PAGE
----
So, let's take New York as an example. That state was really badly hit. It was the epicenter of the U.S. pandemic for a while. Now, as the numbers start to go down in New York, which is great news, but you add that New York data into the national data set, it makes it look like, nationally, the numbers are going down everywhere.


And actually, if you pull New York out of the national data set, the number's actually on the rise, nationally. And that's why it's really important to look at individual states to make sure we're not skewing the data by looking at all of the data together, all of the time.

And I'm here in California, where just this week, we were told that cases are increasing and that the projections for the number of expected deaths are higher this week than we thought about last week. So, at any given moment, things can change, especially as many states start to reopen.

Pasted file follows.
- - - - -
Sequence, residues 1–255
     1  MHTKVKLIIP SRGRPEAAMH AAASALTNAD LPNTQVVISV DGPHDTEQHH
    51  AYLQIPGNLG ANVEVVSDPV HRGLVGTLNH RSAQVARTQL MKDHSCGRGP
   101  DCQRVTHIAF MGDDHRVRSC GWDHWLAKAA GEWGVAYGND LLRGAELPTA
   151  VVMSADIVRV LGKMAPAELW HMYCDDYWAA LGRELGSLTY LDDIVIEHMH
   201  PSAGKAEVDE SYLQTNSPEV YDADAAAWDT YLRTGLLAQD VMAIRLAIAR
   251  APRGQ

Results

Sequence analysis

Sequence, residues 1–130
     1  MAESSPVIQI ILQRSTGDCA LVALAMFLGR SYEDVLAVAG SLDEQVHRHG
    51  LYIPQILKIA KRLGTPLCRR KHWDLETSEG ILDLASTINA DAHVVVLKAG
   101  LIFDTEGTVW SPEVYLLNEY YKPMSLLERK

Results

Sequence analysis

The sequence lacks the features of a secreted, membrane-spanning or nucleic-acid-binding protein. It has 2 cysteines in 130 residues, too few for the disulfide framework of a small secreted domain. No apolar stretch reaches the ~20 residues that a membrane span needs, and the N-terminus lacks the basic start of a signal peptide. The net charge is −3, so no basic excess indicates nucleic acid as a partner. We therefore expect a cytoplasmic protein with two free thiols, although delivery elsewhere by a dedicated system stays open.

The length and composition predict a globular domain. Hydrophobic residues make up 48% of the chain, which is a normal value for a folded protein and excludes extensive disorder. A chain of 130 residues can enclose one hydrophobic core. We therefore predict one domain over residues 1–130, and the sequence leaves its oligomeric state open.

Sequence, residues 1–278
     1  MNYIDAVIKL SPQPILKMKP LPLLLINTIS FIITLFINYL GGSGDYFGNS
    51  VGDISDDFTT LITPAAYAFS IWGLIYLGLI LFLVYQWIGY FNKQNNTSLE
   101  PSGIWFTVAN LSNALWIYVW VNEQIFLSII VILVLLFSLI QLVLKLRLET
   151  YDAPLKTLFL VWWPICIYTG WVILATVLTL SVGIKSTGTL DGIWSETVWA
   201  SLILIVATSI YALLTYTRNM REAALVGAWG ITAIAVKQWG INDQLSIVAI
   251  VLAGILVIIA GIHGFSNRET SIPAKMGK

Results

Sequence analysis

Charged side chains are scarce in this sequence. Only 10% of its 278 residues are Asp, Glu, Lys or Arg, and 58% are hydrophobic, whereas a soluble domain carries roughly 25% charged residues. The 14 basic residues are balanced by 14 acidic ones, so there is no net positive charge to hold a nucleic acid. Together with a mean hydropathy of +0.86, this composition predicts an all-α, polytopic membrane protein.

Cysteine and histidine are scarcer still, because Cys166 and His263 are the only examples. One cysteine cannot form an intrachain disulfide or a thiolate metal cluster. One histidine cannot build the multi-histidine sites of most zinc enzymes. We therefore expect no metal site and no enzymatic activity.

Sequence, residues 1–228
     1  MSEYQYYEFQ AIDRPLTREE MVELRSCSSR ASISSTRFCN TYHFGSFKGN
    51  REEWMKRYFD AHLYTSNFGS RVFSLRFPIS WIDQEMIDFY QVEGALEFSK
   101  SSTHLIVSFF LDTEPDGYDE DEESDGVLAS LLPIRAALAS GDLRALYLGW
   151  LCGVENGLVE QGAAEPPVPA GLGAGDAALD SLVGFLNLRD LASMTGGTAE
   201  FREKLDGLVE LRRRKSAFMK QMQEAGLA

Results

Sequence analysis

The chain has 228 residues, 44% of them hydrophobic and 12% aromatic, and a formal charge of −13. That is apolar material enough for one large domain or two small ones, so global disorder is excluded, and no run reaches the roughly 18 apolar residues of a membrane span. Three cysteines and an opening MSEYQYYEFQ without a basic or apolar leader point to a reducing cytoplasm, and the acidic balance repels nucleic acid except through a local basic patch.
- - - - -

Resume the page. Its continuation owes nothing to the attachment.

And, of course, viruses don't stop at state lines, don't stop at borders, don't stop outside the White House. We are all susceptible, so we need to make sure that we're doing our part to help the numbers trend downwards.

KEILAR: And the World Health Organization, Dr. Yasmin, just said that the virus could become endemic. It may never go away. What does that look like moving forward in the years to come?

YASMIN: So, that could look like a scenario quite similar to the H1N1 influenza, which caused a pandemic in 2009. That was the first time we were seeing that particular strain of flu. It caused devastation in 2009 and '10, but now we see H1N1 circulate, just like any seasonal flu strain.